Here's that interminable thread where I made a set of 9'6" spoon blades with much help from the forum. They are very much like DeLapp's but with laminated DF and redwood solid shafts. 3.6 lb per oar and still my favorites, the laminated shafts have not taken any bend since building.

    http://forum.woodenboat.com/showthre...de-wooden-oars



    Angus' oars are labor intensive to make the nice hollow shafts. He calls out glassing the blades which IMO is too much weight and not necessary if laminated blades are used.

    Rick

  25. #25
    Join Date
    Aug 2010
    Location
    BC Coast
    Posts
    3,321

    Default Re: Oar Plans

    I'm going to upset a few folks here ands say Pete Culler did not design the best oars. The blade of his oars is too long http://www.riverswest.org/uploads/1/...uller_oars.pdf . When the immersed oar is in the water the centre of effort is assumed to be roughly 1/3 from the tip, and that pretty much reflects my personal experience. When you pull on the oar, the area of the blade which is inboard of the 'centre or effort' is pushing backwards against the water as it pivots, diminishing slightly the effective drive of the oar.
    I have two nearly identical pairs of oars but one with a shorter slightly wider spoon blade than the other which has a spoon blade at least 6" longer. The shorter wider blades are significantly easier to propel the same boat at speed. The difference is really noticeable, particularly punching into a chop and wind.
    I note that Colin Angus builds his oars with shorter wider spoon blades. https://angusrowboats.com/pages/wooden-oars .....I would copy them, Ok not sure I'd go to hollow looms and stuff but the blade shape is more efficient in my opinion. The part about locating the oar collar is important. I would choose the length based on the half beam of the boat, focusing on the inboard/outboard loom ratio.

    I note that 'Greenland' style kayak paddles have a long slender blade but the action is completely different. With a Greenland paddle the whole thing is much shorter than a standard double paddle and it is rocked back and forth from side to side so the blade is entering the water and working in a nearly vertical position, and the fulcrum is in the arms and shoulders, not attached to the boat.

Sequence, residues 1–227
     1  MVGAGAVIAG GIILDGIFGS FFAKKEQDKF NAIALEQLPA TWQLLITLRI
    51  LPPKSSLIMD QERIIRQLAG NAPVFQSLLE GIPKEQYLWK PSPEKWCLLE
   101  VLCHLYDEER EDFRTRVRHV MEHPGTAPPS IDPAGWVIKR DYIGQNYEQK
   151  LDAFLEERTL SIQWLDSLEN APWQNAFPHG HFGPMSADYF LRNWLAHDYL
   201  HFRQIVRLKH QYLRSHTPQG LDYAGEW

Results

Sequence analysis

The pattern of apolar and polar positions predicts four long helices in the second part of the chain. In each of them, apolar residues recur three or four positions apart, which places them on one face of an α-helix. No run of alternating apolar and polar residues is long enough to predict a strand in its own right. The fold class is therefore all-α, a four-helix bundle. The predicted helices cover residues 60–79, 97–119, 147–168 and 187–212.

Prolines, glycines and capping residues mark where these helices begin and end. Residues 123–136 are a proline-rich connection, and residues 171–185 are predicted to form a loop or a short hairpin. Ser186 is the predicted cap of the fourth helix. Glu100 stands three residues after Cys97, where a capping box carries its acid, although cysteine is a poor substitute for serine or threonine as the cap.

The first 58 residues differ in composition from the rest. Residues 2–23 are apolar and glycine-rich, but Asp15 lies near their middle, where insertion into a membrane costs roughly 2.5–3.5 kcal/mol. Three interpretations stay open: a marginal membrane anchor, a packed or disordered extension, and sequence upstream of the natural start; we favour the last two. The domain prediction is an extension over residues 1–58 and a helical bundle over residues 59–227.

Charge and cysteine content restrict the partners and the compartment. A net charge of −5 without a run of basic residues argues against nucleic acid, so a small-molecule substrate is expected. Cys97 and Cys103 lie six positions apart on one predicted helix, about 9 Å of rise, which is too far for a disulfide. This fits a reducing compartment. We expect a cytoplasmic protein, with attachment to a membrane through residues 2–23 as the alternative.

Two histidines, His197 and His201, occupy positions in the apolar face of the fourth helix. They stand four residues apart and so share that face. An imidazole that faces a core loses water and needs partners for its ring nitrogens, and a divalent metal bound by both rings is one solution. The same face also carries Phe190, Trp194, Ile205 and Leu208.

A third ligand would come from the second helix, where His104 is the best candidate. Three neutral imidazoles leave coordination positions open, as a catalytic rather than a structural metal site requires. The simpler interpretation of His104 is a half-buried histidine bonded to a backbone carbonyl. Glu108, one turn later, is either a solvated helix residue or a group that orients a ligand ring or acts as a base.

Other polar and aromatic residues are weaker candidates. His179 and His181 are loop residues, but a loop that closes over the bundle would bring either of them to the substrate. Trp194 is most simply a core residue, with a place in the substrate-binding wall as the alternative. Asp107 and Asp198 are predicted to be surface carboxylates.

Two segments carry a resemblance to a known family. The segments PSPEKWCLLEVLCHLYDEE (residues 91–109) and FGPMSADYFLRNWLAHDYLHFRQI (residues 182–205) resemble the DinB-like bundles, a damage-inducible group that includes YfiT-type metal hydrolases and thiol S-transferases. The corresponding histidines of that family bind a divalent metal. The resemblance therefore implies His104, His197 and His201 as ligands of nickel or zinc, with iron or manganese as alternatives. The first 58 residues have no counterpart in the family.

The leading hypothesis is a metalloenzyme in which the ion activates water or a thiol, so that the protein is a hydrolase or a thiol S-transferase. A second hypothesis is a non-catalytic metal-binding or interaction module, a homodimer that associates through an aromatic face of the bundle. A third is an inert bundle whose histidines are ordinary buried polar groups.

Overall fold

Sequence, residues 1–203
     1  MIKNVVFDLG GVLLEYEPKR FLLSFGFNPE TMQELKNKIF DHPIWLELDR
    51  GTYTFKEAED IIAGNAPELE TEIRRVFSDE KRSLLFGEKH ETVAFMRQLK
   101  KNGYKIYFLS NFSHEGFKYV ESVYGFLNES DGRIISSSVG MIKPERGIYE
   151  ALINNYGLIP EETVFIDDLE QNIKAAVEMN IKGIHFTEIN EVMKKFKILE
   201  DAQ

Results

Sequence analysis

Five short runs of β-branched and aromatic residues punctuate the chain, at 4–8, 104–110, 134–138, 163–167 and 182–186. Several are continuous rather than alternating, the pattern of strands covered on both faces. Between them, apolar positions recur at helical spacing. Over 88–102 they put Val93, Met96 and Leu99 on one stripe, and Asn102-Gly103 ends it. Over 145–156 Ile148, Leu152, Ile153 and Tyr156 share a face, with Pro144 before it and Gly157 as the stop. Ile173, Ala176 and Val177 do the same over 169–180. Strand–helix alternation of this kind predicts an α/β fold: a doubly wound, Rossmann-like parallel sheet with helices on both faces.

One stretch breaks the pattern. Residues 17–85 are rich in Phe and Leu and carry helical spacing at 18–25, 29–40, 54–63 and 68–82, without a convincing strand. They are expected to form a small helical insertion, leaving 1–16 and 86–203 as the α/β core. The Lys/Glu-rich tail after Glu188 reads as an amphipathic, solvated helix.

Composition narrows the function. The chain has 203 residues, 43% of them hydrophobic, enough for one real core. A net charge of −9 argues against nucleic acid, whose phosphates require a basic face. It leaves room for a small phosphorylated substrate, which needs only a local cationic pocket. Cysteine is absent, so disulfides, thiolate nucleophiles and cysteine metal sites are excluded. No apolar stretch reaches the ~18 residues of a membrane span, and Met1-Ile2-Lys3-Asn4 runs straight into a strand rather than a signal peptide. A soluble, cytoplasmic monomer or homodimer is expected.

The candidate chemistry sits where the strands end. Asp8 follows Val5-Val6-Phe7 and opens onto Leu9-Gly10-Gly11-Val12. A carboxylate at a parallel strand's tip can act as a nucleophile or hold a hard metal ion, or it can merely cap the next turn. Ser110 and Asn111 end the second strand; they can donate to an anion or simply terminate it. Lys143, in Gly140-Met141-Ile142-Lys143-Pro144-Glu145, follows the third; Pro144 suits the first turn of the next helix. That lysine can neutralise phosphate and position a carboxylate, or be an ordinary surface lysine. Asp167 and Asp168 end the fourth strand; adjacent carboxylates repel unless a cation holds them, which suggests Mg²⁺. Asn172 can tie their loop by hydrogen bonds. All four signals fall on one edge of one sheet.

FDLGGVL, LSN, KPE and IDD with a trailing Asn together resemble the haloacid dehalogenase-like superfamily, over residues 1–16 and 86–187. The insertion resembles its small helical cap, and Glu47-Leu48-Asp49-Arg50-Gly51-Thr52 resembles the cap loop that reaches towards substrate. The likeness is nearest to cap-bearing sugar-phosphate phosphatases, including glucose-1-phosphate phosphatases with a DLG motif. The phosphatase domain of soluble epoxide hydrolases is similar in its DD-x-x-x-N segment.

Last edited by gilberj; 12-30-2016 at 05:57 PM.

  26. #26
    Join Date
    Apr 2010
    Location
    Fairfield, CA
    Posts
    1,074

    Default Re: Oar Plans

    Quote Originally Posted by gilberj View Post
    I'm going to upset a few folks here ands say Pete Culler did not design the best oars. The blade of his oars is too long http://www.riverswest.org/uploads/1/...uller_oars.pdf . When the immersed oar is in the water the centre of effort is assumed to be roughly 1/3 from the tip, and that pretty much reflects my personal experience. When you pull on the oar, the area of the blade which is inboard of the 'centre or effort' is pushing backwards against the water as it pivots, diminishing slightly the effective drive of the oar.
    I have two nearly identical pairs of oars but one with a shorter wider spoon blade than the other which has a spoon blade at least 6" longer. The shorter wider blades are significantly easier to propel the same boat at speed.
    I note that Colin Angus builds his oars with shorter wider spoon blades. https://angusrowboats.com/pages/wooden-oars .....I would copy them, Ok not sure I'd go to hollow looms and stuff but the blade shape is more efficient in my opinion. The part about locating the oar collar is important. I would choose the length based on the half beam of the boat, focusing on the inboard/outboard loom ratio.